On the other hand, accrual basis accounting records income when it is earned and when pledges have been made, not just when they are paid. Expenses are recorded when incurred or as assets are used up. Accrual basis accounting gives a truer picture of the results of business operations.

The Solution: A New Accounting System That Includes Receivables

Due to numerous problems in the organization’s books, we set up a new accounting system using QuickBooks Online. We set up all the open (unpaid) receivables as of Dec. 31, the last day of Spring Center’s year for accounting purposes. We recorded accounts receivable at the total amount per their ProCare customer management software. We set up pledges and grants receivable by individual donor, which totaled about $48,000.

Altogether, Spring Center had over $50,000 of receivables. Of those receivables, approximately $18,000 was expected to be received in the current year. Isn’t that good information to know if you have a tight budget and you need to plan ahead?

To manage going forward, we created a summary sales receipt form in QuickBooks so Spring Center can record new customer accounts receivables as a lump sum each month. They will also make lump sum entries for payments received on invoices during the month. That way they do not need to duplicate all the activity in ProCare for their childcare customers by making separate entries in QuickBooks.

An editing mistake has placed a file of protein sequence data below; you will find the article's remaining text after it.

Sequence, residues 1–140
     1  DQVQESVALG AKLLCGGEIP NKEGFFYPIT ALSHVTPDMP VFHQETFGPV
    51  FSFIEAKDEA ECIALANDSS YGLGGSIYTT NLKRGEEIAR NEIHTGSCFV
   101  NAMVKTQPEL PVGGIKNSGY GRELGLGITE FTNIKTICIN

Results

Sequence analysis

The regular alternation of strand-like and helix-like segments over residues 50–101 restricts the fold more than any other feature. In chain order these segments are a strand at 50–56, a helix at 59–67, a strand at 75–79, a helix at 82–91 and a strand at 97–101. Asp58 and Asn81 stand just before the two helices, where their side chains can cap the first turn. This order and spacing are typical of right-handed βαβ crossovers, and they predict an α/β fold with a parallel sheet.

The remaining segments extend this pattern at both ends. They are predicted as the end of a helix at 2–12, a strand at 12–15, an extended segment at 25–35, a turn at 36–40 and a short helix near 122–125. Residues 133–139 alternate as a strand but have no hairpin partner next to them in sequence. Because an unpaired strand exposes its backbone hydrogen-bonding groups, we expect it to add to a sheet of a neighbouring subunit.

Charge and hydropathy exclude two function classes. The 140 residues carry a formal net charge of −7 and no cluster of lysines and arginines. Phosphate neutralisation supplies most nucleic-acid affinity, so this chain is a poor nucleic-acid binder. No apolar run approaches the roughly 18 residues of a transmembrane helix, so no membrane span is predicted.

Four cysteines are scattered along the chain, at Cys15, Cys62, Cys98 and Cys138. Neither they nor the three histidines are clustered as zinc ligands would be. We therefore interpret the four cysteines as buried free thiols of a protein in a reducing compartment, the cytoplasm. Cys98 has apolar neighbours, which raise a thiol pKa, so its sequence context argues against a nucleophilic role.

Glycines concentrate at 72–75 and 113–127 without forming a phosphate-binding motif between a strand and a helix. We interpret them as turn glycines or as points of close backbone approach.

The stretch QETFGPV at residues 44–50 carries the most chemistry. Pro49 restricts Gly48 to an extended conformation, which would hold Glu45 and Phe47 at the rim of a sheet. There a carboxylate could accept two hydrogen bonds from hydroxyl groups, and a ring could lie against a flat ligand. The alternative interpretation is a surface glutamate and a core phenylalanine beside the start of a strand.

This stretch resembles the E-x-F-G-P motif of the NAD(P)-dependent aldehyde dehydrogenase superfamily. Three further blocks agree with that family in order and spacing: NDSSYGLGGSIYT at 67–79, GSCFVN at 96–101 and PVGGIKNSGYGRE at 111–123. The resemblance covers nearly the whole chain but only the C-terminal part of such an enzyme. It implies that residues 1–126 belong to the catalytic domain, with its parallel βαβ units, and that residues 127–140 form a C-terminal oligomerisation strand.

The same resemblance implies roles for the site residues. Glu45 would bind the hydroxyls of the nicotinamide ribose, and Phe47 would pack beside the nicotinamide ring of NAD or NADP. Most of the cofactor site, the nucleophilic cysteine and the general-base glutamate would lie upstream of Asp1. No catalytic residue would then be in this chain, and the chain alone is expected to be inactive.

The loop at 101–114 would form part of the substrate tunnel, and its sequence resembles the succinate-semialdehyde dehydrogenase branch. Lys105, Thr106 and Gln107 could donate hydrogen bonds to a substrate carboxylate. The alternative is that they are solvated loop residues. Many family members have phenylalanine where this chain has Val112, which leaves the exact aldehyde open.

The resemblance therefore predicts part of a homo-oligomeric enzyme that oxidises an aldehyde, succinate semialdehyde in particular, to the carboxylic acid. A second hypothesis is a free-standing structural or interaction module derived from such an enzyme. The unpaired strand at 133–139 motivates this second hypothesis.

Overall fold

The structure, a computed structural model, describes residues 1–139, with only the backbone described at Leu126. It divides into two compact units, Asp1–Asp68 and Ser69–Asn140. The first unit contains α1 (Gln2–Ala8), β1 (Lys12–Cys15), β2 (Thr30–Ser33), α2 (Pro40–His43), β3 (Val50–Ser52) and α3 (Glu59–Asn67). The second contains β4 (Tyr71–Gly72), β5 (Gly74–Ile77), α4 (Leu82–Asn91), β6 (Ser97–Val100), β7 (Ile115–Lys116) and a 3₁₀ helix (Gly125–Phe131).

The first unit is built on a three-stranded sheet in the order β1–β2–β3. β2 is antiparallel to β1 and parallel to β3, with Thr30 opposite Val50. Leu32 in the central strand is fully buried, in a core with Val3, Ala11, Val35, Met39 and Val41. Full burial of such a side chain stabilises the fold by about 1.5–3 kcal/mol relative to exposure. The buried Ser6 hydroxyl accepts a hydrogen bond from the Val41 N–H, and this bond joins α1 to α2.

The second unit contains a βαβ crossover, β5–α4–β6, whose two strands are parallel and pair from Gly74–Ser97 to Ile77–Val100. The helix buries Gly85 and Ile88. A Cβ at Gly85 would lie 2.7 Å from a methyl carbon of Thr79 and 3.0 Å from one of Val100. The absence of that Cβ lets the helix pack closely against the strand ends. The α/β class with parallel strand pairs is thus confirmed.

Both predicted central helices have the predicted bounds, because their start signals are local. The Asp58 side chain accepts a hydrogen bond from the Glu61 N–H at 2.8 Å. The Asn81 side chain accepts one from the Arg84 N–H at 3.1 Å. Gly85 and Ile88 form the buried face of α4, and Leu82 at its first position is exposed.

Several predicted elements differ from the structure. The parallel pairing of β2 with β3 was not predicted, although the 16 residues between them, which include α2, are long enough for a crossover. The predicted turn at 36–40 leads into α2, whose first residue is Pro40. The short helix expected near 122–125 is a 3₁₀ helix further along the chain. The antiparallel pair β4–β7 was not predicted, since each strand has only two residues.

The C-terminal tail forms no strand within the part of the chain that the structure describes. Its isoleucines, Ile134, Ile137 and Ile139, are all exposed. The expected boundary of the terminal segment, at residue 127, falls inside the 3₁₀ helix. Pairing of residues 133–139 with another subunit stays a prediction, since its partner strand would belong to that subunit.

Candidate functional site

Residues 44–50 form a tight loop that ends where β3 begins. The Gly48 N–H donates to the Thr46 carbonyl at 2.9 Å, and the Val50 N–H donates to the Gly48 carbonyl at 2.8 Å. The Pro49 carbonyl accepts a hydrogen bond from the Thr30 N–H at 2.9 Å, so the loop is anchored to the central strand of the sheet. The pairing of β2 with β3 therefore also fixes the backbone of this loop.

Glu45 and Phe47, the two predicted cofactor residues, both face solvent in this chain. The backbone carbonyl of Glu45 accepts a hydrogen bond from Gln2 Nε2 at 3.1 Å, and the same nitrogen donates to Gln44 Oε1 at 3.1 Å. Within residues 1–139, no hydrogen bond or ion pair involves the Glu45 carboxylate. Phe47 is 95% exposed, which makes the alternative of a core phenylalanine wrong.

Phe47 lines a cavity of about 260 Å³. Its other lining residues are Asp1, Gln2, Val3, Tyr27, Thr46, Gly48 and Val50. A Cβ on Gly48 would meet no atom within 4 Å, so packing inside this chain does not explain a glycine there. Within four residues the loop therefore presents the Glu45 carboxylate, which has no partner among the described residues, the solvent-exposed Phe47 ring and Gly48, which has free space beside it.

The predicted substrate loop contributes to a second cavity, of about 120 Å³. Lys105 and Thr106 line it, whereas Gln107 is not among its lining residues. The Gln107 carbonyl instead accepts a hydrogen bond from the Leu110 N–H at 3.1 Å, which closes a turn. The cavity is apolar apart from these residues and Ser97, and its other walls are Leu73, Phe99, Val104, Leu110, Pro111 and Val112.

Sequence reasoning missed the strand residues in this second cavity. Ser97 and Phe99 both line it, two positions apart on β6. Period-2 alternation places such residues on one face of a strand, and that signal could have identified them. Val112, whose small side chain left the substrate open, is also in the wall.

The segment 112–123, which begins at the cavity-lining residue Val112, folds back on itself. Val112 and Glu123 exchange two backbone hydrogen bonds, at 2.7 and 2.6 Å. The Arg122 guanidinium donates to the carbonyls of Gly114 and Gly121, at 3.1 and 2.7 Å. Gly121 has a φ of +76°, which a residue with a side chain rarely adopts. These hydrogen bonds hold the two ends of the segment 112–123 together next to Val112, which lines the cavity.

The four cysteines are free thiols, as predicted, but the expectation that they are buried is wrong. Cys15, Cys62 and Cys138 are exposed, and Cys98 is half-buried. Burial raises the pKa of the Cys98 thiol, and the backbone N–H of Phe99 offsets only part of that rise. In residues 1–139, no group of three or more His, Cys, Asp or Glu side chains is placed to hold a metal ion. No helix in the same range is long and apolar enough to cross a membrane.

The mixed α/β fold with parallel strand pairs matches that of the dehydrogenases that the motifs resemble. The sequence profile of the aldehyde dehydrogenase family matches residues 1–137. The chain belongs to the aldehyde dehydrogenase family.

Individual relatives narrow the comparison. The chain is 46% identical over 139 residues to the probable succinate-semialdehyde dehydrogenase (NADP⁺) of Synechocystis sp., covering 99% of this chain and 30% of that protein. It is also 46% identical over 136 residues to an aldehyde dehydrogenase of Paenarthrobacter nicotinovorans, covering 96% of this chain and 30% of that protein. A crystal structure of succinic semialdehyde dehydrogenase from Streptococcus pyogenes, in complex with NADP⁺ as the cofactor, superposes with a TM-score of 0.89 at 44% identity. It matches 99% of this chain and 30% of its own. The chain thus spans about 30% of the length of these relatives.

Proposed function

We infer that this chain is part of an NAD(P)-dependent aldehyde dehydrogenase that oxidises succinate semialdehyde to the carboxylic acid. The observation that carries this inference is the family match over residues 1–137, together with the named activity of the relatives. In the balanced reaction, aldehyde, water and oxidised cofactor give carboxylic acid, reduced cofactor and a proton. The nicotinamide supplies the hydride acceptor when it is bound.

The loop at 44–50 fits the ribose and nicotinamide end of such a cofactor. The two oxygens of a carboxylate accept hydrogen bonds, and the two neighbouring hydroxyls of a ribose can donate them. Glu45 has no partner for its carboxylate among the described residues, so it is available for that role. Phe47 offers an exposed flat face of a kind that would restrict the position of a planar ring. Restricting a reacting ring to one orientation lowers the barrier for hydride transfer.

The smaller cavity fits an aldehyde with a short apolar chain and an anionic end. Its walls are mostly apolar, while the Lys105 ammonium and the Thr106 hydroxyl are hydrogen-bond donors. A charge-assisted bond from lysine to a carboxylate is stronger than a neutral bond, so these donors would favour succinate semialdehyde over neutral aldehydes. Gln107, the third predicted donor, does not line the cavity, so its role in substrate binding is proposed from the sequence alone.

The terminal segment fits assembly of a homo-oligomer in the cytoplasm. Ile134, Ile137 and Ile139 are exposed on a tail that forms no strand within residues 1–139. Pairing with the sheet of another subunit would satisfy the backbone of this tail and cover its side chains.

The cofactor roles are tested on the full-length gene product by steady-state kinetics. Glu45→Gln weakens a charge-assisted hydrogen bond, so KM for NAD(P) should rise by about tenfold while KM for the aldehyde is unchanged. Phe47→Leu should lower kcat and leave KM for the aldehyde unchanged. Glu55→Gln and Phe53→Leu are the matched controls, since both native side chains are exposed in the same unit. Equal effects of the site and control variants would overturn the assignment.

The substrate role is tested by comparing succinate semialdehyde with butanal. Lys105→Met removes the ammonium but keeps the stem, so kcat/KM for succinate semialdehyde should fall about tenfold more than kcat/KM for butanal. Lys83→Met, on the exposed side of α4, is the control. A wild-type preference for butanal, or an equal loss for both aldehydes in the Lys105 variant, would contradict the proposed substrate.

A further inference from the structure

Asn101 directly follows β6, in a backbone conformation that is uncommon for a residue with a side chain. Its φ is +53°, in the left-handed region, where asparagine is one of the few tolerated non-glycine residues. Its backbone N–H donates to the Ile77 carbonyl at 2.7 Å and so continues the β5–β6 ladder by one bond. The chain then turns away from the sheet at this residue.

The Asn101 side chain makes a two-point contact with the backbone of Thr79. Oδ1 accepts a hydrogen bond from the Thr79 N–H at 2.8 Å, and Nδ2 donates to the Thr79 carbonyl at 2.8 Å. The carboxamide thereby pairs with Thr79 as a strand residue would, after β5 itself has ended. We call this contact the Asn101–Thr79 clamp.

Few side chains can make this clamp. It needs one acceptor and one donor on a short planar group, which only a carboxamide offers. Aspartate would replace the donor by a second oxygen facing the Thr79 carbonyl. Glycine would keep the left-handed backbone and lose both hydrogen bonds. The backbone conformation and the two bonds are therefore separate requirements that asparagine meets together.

Spring Center will also enter new pledges by each donor name as future gift commitments are made. Recording pledges receivable will also record contribution income in their books. They will record payments against the pledges as donors make payments in fulfillment of their pledge agreements. For now, Spring Center is using QuickBooks as their donor management software. We are encouraging them to consider using a separate donor management software as their needs continue to grow.

By recording increases to accounts receivable (new invoices and pledges) and decreases to accounts receivable (payments on invoices and pledges), they will be able to “look into the future” to see how much money they can expect in the current and future years. They will also be able to see how much income they are making based on cash or accrual basis. All they need to do is click the radio button on the profit and loss or balance sheet report in QuickBooks to indicate using the Cash or Accrual basis of accounting.

Love an Accounting System?

To say the director is over the moon with happiness over her new found financial reports would be an understatement. We have rarely seen anyone get so excited about accounting! With accounts and pledges receivable reporting under control, she can peer into the future with more confidence.

Just goes to show you anything is possible. Even loving your accounting system!

If you are interested in starting over using our QuickBooks Online company file template which comes with detailed bookkeeping “how to” instructions (packaged together as QuickBooks® To Go!), please contact us. QuickBooks® To Go! Enables you or your volunteer or staff accountant to create a beautiful accounting system. If you need services in addition to QuickBooks® To Go!, we would  be happy to talk with you to see what will work best to get you on the right accounting path!